The Microfinance Insider is a forum for graduate students engaged or interested in working in the field of microfinance. Through weekly posts and comments we hope to inspire students and foster the creation of a knowledge community of bloggers with a commitment to financial access and first hand industry information.

Tuesday, July 1, 2008

Formalizing an Informal Institution

Susu banking is not new. It is a well-established, long-running financial solution to the age-old problem of access to credit, which is widely experienced by merchants in the informal sector, petty traders, and small-scale businesses throughout West Africa. “Susu” in Ghana is known as “esusu” or “ajo” among the Yoruba in Nigeria, “yesyes” or “jojuma” in Togo, and “nago” in Côte d’Ivoire. This system of microcredit supports traditional methods of small-scale savings and loans operations and encompasses the traditional daily deposit collection common to West-African markets.

Located in a large market in Accra, Open Heart offers high-street banking services to its clients: a petty trader approaches the window of the tiny office to make change for a five-cedi note; a woman who sells water sachets comes for an advance in collecting her payment; two young boys, each with a handful of coins come to deliver their family’s daily “contribution”.

One of the projects I am working on is computerizing the banking records of the 7,000 clients served by the Open Heart Solutions Agency. We are creating a client database to facilitate access to client information, such as credit history, savings balance, and loan repayment.

The current records and accounting systems are precise and the lines of responsibility are well defined, but with a rapid rate of growth, the agency needs to modernize. Many clients are identified by a nickname, their first name (which is commonly the name for the day of the week on which they were born), or a combination of their first name and the item they sell. (“Kwame Shoes” is one of my favorites!) While each of the twenty susu agents knows her own clients and sees them nearly-every day, it is increasingly difficult to keep track of them (one agent has nearly 500 clients), using only client contribution cards.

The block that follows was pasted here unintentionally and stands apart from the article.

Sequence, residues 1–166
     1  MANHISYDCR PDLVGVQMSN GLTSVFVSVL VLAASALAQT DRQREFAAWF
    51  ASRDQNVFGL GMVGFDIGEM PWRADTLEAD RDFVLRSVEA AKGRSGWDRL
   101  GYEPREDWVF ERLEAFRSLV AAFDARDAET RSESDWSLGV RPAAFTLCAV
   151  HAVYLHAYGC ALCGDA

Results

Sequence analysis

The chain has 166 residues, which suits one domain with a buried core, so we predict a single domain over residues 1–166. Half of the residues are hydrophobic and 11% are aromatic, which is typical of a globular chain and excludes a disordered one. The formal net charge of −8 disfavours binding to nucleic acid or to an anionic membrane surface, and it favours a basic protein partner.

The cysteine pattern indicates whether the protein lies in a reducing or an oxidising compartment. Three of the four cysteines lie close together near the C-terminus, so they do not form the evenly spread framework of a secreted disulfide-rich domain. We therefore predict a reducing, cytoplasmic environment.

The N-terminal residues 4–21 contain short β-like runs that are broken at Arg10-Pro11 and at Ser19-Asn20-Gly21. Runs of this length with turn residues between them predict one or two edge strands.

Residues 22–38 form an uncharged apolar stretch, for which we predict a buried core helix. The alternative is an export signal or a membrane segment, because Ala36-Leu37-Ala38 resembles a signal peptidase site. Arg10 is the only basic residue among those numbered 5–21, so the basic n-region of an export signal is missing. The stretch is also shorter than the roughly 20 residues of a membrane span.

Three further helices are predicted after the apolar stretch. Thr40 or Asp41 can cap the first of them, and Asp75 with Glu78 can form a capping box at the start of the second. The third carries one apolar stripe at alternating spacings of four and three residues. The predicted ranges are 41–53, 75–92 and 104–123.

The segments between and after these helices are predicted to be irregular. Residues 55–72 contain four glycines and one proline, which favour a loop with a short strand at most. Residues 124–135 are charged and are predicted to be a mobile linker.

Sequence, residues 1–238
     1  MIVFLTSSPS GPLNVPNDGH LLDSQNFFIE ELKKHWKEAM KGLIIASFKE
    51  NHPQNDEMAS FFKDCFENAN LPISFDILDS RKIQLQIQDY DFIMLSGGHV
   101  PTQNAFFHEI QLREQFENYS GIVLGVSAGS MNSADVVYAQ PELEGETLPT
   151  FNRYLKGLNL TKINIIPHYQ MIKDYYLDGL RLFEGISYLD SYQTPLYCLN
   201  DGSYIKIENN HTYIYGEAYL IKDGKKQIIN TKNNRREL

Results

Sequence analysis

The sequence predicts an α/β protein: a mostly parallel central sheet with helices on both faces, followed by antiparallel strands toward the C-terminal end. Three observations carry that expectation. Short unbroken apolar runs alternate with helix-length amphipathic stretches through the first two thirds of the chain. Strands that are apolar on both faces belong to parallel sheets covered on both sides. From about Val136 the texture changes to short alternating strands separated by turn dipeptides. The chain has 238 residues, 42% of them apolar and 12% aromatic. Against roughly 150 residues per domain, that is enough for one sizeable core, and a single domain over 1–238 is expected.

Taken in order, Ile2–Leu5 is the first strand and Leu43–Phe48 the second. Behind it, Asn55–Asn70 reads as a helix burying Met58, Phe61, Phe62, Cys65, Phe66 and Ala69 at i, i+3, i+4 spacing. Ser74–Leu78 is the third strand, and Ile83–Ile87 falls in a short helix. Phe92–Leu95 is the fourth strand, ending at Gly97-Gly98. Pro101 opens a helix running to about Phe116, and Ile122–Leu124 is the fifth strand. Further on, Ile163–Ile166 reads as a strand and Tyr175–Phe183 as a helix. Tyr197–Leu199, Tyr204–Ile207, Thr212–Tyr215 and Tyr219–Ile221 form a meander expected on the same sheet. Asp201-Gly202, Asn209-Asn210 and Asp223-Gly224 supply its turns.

To address this the executive director of the agency asked that we obtain official information from each client so that the records are more formal and more complete. With consultation from the susu agent supervisor, I created client profile form for each susu agent to use to collect personal information on her clients—legal name, nicknames, home address, business or trade location, DOB, and then client account number and card number (which are the two indicators currently used to identify client accounts).

The following day I met with the agent supervisor and several susu agents to see where we stood and to estimate the amount of time this project would take. The susu agents returned with no information, explaining that their clients were apprehensive to give out personal information, that even though they interact with their agent a few times a day, they didn’t want to have an account in their legal name and they didn’t want their agent writing any unnecessary information about them. The agents did their best to explain to the clients why they were collecting this information, but in the end, they had to explain to me that their clients still didn’t understand why the agency wanted the information, and were, in a sense, afraid to formalize their financial practices.

Hesitation to disclose personal information is a cultural difference and it was maybe an obvious response, considering that those who use susu prefer informal banking institutions. The effort to modernize the susu records and accounting will have to stay in the office, leaving susu banking to be a mix of formal and informal institutions.

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